Shadows & Dust, Vol. I, Issue 12

There’s nothing like your favorite college football team losing a historically important game (again) to force you to work through some existential angst. If it’s true, as 12-step groups like to say, that the definition of insanity is embodied by doing the same things over and over again while expecting different results, then I am clearly crazy in my fan-ness. (Is “fan-ness” a word?)

Anyway, here are some highlights of what I’ve been reading and watching lately:


  • Christianity, Truth & Weakening Faith: A Dialogue edited by Pierpaolo Antonello, translated by William McCuaig — Very interesting debate between French anthropologist René Girard and Italian philosopher Gianni Vattimo. Vattimo bases much of his progressive optimistic outlook on the work of Girard, who for his own part approaches the world from a more cautious, conservative Catholic perspective. The message of the incarnation and the crucifixion of Christ is crucial for both, especially in the sense that the sacrifice of Christ demystifies “all the violence on which the walls of the citadel of the sacred had been erected. Christianity represents the moment at which it is suggested, or rather, revealed to mankind that it can free itself from the need to resort to scapegoats and their immolation as a system for ending conflicts and crises within communities.”
  • The Scandal of the Evangelical Conscience: Why are Christians Living Just Like the Rest of the World by Ronald J. Sider — This prophetic word from within evangelicalism was published in 2005, and remains relevant today as it revisits both the witness of the early church and the message of the Gospel as the message of the kingdom of God.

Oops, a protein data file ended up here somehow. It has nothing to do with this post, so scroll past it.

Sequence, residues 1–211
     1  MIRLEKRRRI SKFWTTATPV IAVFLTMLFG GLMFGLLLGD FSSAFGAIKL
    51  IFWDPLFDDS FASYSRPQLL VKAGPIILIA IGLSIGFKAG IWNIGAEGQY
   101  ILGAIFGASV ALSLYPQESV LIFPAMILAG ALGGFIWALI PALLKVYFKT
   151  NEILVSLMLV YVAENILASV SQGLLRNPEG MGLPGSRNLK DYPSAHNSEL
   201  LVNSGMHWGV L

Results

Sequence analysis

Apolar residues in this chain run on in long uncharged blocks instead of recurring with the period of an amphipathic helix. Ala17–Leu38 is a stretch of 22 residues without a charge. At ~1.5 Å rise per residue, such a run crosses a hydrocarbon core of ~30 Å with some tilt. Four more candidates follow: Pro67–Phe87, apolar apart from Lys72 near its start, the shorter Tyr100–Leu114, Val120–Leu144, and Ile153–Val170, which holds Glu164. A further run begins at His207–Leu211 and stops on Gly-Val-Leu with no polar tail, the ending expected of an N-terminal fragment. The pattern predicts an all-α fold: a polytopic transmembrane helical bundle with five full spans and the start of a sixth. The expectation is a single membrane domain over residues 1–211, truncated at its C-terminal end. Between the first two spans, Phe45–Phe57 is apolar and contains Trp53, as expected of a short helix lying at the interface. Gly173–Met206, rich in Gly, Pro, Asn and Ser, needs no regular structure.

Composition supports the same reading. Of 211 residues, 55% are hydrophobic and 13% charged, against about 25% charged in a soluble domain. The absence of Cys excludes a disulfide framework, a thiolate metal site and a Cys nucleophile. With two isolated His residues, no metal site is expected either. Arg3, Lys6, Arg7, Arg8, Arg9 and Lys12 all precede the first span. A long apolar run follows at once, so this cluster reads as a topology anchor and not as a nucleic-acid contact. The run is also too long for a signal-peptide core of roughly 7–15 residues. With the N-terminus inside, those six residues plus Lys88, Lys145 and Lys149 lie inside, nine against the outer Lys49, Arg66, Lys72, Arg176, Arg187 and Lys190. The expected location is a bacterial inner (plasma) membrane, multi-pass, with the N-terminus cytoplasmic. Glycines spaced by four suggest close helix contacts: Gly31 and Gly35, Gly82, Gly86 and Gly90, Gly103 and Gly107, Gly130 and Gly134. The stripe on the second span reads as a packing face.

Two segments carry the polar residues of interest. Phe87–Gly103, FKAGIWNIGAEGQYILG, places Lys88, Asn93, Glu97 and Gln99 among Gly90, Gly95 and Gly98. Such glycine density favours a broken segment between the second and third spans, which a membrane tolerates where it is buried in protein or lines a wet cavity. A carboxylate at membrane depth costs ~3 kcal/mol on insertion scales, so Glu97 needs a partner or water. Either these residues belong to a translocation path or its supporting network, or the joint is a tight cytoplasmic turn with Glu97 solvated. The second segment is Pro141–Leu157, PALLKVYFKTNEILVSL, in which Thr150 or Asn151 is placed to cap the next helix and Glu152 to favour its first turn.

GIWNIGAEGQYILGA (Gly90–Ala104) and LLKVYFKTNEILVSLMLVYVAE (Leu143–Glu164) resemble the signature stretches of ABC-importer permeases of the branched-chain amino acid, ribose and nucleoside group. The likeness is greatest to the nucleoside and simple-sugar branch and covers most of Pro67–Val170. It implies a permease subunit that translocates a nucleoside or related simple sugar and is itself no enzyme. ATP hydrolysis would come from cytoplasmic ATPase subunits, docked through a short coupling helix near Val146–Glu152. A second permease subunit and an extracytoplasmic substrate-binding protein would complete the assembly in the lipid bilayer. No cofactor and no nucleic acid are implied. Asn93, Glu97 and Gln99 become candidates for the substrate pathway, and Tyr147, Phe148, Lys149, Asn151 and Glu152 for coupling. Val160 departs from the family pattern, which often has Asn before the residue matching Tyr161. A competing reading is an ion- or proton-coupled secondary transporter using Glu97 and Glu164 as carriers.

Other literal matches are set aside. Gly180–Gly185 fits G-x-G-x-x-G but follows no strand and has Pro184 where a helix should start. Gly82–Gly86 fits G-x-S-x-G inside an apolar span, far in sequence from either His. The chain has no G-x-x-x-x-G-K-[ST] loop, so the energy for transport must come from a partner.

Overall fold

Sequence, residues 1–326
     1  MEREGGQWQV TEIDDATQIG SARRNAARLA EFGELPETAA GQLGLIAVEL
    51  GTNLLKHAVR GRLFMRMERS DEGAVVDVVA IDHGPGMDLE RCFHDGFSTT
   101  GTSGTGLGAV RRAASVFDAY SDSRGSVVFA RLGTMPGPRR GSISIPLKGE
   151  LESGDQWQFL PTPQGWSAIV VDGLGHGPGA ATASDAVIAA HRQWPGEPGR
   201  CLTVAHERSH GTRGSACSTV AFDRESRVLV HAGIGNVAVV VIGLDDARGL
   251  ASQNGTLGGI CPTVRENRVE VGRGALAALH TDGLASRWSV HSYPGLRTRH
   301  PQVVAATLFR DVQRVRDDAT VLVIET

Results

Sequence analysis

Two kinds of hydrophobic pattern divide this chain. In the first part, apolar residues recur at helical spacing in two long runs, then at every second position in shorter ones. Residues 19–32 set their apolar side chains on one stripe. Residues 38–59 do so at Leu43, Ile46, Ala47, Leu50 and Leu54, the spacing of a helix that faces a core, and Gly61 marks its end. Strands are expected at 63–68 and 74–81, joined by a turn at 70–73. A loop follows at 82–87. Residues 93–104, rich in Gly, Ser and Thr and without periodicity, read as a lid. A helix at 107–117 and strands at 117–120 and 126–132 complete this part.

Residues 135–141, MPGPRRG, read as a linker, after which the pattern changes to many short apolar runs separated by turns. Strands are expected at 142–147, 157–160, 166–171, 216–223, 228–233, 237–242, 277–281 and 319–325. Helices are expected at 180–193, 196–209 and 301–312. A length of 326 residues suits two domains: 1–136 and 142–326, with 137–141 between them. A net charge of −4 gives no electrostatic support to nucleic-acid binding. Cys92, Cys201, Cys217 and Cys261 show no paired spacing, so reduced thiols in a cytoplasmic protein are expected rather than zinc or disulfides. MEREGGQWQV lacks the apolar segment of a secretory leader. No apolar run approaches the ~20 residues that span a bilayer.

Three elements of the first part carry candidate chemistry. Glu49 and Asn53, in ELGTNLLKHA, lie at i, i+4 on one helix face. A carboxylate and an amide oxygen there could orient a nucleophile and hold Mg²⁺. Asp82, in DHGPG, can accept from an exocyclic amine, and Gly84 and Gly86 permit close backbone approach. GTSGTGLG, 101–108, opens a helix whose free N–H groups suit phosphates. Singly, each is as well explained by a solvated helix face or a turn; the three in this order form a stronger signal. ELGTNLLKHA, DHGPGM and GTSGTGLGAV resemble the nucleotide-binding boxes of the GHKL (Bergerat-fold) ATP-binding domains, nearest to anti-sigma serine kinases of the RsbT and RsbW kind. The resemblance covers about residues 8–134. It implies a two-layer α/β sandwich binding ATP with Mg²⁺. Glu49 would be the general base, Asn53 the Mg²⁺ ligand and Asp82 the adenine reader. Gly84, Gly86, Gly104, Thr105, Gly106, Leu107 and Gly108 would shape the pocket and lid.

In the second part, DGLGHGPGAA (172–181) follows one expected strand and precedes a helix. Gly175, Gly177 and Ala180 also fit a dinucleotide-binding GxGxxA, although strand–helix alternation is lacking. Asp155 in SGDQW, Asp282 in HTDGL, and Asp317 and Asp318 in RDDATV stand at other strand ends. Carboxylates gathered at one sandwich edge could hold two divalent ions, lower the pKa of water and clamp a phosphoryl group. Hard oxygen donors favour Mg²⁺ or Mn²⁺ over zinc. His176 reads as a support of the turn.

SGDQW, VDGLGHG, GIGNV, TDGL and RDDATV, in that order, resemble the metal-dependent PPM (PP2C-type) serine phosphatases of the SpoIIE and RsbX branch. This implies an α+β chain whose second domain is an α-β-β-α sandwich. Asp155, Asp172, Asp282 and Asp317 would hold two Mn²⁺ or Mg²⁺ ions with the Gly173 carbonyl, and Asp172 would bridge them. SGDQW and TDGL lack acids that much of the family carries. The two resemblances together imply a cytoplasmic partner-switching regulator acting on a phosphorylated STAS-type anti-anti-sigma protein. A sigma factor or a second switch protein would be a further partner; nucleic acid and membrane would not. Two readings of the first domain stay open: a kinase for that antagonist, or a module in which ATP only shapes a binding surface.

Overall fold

• Man’s Search for Meaning: An Introduction to Logotherapy by Viktor E. Frankl — My spiritual director said I needed to read this book. So I am reading it. I have to say it’s hard to dismiss the story and the wisdom of someone who survived the Holocaust and emerged from its horrors with his humanity and compassion intact.
Movies, TV programs
  • Vikings — So far I’ve watched the first several (bloody) episodes of this series. It traces the beginning of the “Viking” attacks on Western Europe (especially northeast England and the island of Lindisfarne, which I’ve had the privilege of visiting).
  • Zero Dark Thirty — Liked that this movie attempted to impartially tell the story of the killing of Osama bin Laden. It raised a lot of questions for me about the nature of our anti-terrorism efforts, especially as they involve torture and what the government likes to call “collateral damage.” Do the ends justify the means when it comes to national defense?
  • Breaking Bad — Four more episodes to go (before I finish this already completed series)! Finishing the series will be almost as depressing as the moral slide of Walter White.
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